Loyola University Chicago

Mathematics and Statistics


Math and Literature Contest 2018

Math and Literature Contest 2018 - Winner


Contest: Literature and Mathematics
Voltaire’s Micromegas

Math and Literature Contest 2018(Flyer, pdf file)

Topic: Response to Voltaire’s Micromegas

Prize(s): Impressive award certificate, suitable for citing in your curriculum vita, application for university studies, posting on your refrigerator door.

Criteria: Original, thoughtful, and creative response to or analysis of Voltaire's Micromegas, focusing on the mathematical or philosophical metaphors.


  • Any genre is acceptable, including an essay, poem, visual creation, fictional extension of Micromegas, or mathematical exposition. Submissions should be five pages or fewer

  • Contest submissions may be in English or French. Judges are fluent in mathematics.

  • This contest is open to the public.

  • If you wish to submit an entry by a team of people, that is fine. Just make that clear.

  • We will probably award prize(s) in categories of contestants. Therefore, please include a brief description of your mathematical education, e.g., "Completed one year of calculus,” "Mrs. Morton's 6th grade class." If your contest entry uses rather advanced literary/historical analysis please indicate your background such as “I teach AP French literature.”

Deadline: November 5, 2018

Contest Winner: Mark C. Fedota, alumnus of Loyola University Chicago - AB '66 in English Literature and Economics. He is a graduate of Georgetown Law School. Mr. Fedota is a prominent trial laywer, now in semi-retirement.

Winning Essay: Math and Literature Contest 2018 - winning essay

Source for text of Micromegas:

Knitting and Math

Knitting and Math - November 8, 2018

The Department of Mathematics and Statistics is hosting an event for the Math/Stat community on November 8:  Knitting and Math.  All students and faculty are welcome to attend.


Here's a brief agenda:

  • Learn to knit (needles and yarn provided!)

  • A fun presentation from Dr. Peters about connections between math and knitting

  • Community time to talk and share projects, with pizza and snacks

Time and Location: Thursday, November 8, 6:00-8:00 pm in IES 123.

To see some photos from the event, click here.

 Check out the powerpoint here: knitting powerpoint 

Rataj Lecture: Political Geometry by Bridget Tenner

Rataj Lecture: Political Geometry by Bridget Tenner

Our next Rataj Lecture, Wednesday October 24, 2018, will be both excellent, timely, and accessible to anyone who has taken or is taking calculus -- all geometry will be discrete: https://arxiv.org/abs/1808.05860


Title: Political Geometry

Speaker: Bridget Tenner

Speaker Info: DePaul University http://math.depaul.edu/bridget/


Gerrymandering is the process of manipulating voting districts in order to gain political advantage. In the US, districts are supposed to be "contiguous" and "compact" -- but what, exactly, does that mean? In this talk, we will discuss geographic geometry, what it impacts, how it is assessed, and how it should be improved. No background in these topics will be assumed.

Date: October 24, 2018

Time (updated): 4:10 - 5:00PM (talk), 5:00-5:30PM (tea)

Where: Mundelein 204

Contact Person: Emily Peters epeters3@luc.edu


To see some photos from the event, click here.

IL-MO Regional Undergraduate Mathematics Conference 2018

IL-MO Regional Undergraduate Mathematics Conference 2018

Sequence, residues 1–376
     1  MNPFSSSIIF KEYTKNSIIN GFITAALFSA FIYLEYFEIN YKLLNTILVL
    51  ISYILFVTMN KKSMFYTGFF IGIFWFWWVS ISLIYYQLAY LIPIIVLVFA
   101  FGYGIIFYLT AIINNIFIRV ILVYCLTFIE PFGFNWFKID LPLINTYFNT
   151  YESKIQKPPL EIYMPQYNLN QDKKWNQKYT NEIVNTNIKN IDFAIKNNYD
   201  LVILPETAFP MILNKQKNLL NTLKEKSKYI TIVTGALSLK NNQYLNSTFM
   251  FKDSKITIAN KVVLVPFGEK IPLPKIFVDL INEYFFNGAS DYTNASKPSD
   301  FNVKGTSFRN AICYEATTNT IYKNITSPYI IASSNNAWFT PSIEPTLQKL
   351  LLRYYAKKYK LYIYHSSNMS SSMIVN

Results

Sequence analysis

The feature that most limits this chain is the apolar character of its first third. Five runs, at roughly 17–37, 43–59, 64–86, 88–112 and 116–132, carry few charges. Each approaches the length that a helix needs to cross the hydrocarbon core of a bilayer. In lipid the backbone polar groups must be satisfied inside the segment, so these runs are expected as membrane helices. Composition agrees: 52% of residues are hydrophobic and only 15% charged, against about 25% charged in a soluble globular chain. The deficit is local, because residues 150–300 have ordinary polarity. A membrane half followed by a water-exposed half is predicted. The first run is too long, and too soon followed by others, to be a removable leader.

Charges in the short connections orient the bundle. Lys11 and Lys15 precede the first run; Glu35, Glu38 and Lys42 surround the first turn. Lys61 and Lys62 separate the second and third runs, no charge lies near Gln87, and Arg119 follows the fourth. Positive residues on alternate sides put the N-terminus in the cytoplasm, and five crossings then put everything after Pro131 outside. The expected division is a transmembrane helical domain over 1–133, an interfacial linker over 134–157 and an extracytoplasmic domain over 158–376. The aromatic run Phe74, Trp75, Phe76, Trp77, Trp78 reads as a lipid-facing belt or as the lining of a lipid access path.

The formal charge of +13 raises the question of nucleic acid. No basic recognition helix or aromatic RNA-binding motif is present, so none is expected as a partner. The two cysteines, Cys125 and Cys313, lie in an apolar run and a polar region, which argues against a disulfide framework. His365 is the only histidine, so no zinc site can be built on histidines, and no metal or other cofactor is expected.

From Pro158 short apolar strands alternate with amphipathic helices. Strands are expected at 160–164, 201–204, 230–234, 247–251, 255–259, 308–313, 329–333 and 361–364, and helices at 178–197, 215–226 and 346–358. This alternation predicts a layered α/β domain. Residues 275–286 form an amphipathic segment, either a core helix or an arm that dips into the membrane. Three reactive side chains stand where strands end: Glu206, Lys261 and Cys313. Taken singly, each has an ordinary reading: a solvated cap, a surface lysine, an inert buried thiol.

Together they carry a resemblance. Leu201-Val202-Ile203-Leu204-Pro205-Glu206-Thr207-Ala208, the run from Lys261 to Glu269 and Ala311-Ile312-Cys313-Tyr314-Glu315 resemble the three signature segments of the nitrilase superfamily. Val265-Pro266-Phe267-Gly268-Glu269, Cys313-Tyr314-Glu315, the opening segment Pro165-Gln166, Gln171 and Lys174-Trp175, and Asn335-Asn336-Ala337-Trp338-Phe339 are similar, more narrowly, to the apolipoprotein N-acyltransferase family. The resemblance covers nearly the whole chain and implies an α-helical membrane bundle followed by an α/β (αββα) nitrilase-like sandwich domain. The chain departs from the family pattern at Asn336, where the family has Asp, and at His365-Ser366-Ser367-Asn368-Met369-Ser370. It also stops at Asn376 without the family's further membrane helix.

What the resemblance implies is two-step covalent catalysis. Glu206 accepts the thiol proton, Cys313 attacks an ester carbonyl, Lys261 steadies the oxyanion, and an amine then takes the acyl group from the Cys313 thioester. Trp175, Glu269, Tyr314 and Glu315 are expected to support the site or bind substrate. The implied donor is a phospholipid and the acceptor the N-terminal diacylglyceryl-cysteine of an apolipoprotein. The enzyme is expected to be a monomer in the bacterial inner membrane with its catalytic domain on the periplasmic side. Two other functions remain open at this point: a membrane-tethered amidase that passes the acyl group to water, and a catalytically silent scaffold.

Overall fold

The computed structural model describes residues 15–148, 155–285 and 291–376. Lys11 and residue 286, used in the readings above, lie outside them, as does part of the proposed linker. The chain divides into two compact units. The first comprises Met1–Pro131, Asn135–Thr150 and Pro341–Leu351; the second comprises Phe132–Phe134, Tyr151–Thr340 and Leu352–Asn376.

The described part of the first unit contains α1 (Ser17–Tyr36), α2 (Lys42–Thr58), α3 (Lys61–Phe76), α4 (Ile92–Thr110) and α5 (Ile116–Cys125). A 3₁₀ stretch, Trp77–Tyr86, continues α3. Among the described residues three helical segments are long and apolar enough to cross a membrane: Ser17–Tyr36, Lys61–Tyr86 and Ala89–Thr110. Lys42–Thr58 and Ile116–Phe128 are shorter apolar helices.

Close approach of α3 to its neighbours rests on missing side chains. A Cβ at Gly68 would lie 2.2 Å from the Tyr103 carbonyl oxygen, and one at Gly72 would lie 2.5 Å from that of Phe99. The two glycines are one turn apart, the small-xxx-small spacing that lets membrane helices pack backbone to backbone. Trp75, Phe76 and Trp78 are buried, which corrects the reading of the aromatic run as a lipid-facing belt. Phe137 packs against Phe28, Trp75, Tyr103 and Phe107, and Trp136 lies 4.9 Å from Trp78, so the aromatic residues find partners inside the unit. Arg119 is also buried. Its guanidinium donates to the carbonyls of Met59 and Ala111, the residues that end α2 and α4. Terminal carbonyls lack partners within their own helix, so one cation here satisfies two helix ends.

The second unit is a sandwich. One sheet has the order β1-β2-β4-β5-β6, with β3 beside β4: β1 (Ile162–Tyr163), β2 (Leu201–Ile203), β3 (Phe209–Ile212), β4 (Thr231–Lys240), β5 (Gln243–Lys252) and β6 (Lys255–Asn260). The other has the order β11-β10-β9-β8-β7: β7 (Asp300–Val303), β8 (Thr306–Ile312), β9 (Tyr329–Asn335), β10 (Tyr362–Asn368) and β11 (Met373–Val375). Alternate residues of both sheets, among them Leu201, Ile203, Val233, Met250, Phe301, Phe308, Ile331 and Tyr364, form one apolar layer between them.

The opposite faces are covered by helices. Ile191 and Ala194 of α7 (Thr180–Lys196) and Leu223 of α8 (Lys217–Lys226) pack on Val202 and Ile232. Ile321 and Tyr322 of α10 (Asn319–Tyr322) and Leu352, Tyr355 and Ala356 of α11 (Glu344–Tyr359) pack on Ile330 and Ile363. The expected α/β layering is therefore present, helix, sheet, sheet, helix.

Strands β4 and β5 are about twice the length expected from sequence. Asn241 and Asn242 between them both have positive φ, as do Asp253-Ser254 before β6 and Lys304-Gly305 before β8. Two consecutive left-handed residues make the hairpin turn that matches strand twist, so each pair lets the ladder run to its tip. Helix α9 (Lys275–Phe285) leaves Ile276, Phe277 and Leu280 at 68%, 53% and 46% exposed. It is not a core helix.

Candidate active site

IL-MO Regional Undergraduate Mathematics Conference 2018

IL-MO Regional Undergraduate Mathematics Conference is a great opportunity for undergraduate students to present mathematical research projects and expository papers, to meet with more established mathematicians and to network with their fellow students.

It is organized jointly by Southeast Missouri State University and Southern Illinois University. This year it will be held on the Campus of SIU at Carbondale, Neckers Building, Young Auditorium, Neckers 440 on Saturday, 27 Oct 2018.

This conference is open to anyone interested in undergraduate mathematics. Undergraduate students at all levels and graduate in their first year of the MSc are invited to discuss their work on any mathematics-related topic. High School students are also strongly encouraged to participate. A poster room will be provided for those who would like to display their work in a poster, whether they are presenting or not.

Check out the flyer for more information. IL-MO Regional Undergraduate Mathematics Conference 2018

Welcome New Faculty!

Welcome New Faculty!

The Department of Mathematics & Statistics has some new additions this semester: Minhao Gu, Corinne Herrmann, Xiaoli Kong, Shuwen Lou, and Alla Podolny. Read more about their educational background and research interests!



Minhao Gu

How did you get involved in teaching mathematics?

Upon graduation, I joined the Department of Mathematics and Statistics at Loyola as a part-time instructor. I also held a part-time teaching position at DePaul College Prep. This is my second year teaching at Loyola University Chicago, but first time as a full-time instructor.

What's your favorite part of teaching?

My favorite part of teaching is conveying new knowledge to students using easy-to-understand terms, having students communicate or demonstrate that they have grasped the material, and building up their confidence level in solving math problems. I love seeing students having the 'lightbulb' moment --- a moment that a students goes ''oooohhhh". Teaching is also a great opportunity to learn about myself, my strength, my weakness as a teacher and a person. I also enjoy getting unexpected thank you notes from my former students.